Emergency Entities: This may vary depending on location, but the team should include: the American Red Cross, area hospitals for all locations, the FBI, FEMA, local police departments, local fire departments, and poison control centers.
Staging Areas: When a disaster strikes, it is critical to know where everyone is located.
Wardens: For this purpose, wardens should be appointed, each to be responsible for a specific list of employees. A warden should also be appointed to contact business partners. Contact can be accomplished via VoiceShot or another mass communication platform.
Locations: Identify staging areas for each office location. The employees at each location should determine the most prudent, safe places to meet in case of an emergency. Locations should be within easy walking distance, but far enough from the building to address a bomb threat. Specifically, identify these staging areas by location.
Groups: It makes sense not to designate more than 20 people to report to any one staging area. A warden will be responsible for matching people at the staging area to names on a list, so it’s important not to make any list too long. Things usually become chaotic during emergencies. Keep things simple, so that no one is easily forgotten.
Drills: At least twice a year, a drill should be implemented at each location. The times and frequency of running these drills may vary between offices, but drills are very important. When a disaster strikes, people will need to react automatically. For this reason, it is important for everyone to participate in these drills.
It may make sense to schedule the disaster drills when the building management does its fire drills. It is the responsibility of the wardens to account for the people on their lists, and to have their groups go to their staging areas. Expect people to complain, but if they don’t practice when it is not an emergency, they may not survive when it is.
Alternative Facilities: Prepare beforehand. Alternative facilities should be designated to accommodate those disasters that will continue for some time. When seeking alternative facility options, it is critical to be able to properly access all technological applications and documents remotely. It is important to review all current leases to determine if rent has to be paid when the building is not accessible.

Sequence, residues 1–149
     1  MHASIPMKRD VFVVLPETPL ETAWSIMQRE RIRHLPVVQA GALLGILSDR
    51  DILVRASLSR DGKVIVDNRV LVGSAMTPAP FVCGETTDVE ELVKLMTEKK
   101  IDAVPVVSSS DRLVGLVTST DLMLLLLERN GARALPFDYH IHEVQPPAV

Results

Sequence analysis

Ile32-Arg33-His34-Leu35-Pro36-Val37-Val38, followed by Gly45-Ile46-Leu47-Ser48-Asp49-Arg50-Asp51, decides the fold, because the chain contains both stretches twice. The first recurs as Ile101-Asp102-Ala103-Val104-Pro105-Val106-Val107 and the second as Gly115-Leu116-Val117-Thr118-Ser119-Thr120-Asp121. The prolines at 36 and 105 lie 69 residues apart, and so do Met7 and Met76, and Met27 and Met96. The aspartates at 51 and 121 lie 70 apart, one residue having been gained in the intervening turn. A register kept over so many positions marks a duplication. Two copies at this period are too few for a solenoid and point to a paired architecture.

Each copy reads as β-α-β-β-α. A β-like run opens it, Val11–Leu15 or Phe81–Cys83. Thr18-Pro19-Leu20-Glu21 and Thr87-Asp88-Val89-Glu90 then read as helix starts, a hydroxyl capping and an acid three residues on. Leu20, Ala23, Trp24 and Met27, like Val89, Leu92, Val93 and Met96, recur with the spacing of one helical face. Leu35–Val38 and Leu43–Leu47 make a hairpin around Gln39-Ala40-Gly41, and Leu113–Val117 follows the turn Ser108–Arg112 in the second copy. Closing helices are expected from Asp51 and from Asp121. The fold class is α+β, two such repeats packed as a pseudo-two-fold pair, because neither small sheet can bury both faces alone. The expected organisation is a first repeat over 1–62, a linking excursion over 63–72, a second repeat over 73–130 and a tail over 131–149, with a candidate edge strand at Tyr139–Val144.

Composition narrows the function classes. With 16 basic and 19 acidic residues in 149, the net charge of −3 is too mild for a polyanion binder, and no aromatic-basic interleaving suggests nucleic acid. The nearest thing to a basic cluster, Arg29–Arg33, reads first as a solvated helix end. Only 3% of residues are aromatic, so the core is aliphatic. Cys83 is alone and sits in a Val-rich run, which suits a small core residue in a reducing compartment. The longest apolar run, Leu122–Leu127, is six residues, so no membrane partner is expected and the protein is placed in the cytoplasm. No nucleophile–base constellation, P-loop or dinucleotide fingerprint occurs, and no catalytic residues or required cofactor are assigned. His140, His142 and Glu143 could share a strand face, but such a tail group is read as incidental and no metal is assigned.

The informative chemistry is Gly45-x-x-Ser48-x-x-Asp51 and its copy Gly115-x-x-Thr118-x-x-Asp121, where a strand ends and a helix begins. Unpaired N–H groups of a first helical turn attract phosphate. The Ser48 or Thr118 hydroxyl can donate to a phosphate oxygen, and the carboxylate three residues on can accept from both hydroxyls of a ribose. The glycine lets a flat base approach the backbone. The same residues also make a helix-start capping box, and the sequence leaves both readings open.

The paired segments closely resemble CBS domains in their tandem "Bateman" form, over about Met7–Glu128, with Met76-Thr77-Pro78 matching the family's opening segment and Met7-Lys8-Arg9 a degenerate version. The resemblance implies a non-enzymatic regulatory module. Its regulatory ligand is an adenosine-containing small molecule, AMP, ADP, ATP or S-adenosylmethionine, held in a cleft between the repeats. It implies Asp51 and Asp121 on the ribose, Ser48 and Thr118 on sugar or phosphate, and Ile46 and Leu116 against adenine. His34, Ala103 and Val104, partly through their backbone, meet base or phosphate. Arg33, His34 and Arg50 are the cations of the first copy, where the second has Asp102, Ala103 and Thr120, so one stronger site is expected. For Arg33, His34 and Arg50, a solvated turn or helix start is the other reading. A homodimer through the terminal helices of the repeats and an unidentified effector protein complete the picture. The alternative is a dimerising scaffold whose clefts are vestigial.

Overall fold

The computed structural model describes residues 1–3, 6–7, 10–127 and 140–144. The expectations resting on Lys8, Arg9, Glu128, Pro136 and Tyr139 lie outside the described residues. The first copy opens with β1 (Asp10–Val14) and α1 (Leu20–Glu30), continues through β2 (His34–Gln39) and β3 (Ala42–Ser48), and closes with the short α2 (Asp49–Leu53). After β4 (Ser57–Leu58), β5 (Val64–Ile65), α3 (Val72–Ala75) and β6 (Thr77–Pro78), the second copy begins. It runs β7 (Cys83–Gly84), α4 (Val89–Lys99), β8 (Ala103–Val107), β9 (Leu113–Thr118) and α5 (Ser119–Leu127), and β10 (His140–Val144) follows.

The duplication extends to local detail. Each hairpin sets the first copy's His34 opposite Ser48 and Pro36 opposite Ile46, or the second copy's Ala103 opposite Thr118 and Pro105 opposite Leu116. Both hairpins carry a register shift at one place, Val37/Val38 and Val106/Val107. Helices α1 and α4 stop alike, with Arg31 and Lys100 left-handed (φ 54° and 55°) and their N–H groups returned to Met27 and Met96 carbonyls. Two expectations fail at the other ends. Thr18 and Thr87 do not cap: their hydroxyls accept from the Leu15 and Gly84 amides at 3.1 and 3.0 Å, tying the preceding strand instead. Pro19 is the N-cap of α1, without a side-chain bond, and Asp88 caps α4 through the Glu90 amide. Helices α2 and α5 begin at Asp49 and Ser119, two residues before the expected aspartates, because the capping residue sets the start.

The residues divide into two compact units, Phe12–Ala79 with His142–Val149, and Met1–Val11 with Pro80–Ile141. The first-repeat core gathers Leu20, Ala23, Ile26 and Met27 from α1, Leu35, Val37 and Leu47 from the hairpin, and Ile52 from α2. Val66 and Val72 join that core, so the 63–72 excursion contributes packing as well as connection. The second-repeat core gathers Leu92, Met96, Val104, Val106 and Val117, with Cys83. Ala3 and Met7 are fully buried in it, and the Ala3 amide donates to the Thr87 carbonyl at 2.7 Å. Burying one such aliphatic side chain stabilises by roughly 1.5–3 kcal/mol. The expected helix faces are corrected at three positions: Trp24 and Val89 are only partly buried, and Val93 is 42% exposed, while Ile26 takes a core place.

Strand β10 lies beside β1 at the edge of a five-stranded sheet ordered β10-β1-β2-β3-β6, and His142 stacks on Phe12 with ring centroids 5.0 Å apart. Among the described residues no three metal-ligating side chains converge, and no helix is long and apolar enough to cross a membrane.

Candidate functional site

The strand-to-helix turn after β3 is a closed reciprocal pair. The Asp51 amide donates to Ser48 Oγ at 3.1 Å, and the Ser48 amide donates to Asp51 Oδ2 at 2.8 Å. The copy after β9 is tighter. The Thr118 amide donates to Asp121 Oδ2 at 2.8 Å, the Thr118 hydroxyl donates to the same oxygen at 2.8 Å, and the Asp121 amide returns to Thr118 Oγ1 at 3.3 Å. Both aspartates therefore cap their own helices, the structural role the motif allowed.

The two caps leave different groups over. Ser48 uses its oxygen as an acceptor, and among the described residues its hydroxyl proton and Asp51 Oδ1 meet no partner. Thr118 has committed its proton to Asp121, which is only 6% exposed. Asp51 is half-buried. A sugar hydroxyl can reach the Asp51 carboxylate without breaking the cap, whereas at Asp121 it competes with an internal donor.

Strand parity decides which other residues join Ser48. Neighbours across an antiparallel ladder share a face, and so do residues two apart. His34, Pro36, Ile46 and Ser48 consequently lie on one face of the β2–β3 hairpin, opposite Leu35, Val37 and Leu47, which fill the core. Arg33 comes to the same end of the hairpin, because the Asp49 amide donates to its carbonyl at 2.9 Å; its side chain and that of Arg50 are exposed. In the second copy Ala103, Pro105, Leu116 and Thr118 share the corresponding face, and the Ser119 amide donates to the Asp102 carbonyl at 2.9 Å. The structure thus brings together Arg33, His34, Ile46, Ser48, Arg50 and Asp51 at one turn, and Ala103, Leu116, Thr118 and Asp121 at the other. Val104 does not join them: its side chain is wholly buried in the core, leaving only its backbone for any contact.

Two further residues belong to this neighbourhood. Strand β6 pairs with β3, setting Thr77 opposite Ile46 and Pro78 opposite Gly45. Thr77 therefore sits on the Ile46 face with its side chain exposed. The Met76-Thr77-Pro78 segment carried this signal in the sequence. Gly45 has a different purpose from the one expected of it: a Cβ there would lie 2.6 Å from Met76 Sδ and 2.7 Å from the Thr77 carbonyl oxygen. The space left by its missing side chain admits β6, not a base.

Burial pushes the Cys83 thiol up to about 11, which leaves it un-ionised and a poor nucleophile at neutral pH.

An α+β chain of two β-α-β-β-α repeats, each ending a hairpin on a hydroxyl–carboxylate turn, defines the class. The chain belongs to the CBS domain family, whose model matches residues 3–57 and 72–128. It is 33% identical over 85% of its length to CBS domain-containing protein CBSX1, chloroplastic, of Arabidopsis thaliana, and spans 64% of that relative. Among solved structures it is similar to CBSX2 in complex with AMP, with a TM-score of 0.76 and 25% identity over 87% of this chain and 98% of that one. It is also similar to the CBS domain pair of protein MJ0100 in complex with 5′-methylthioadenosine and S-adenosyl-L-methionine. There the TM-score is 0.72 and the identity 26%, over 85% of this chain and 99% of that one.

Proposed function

Working From Home may be the best option. This alternative has become quite common since the Coronavirus pandemic. However, many people do not know how to work from home for an extended period and how to effectively interact with colleagues and clients. For this reason, a work-from-home policy should be prepared, reviewed and endorsed by each employee. This policy should:
Include a “home office” provision. All employees are to be based in a primary office—this will accommodate an employer that may not want to abide by another states’ labor laws.
Ensure that employees have a safe work area in their homes. All communications must be secure, which requires that the internet in each home be secure.
Specify the party responsible for each expense and explain that all the company’s employment policies apply when working remotely. It would be worth the investment to hire an employment attorney to review the policy to ensure that the company is compliant with all labor laws.
Offer classes throughout the year that teach employees how to properly work and communicate effectively when working remotely. It is also possible to find courses dealing with these subjects that include certification credits (CLM, CLE, CPE). It may make sense to offer this accredited training at least once a year.
Sublease Space: When dealing with a disaster, if it becomes necessary to sublet space, it is important that the new space be secure, both from the disaster and technologically, and that all documents are stored in a confidential area. Be sure to properly evaluate the environment, however; it may make more sense for employees to work from home.
Shelter in Place: Schools routinely instruct students how to behave when there is an active shooter in the vicinity. They practice what to do and what not to do.
Training: Many police departments offer free active shooter training to instruct employees what to do in such cases. Though much of this information may be found online, it can be of great advantage to have the police visit the location; they can determine the best action to be taken at each specific facility.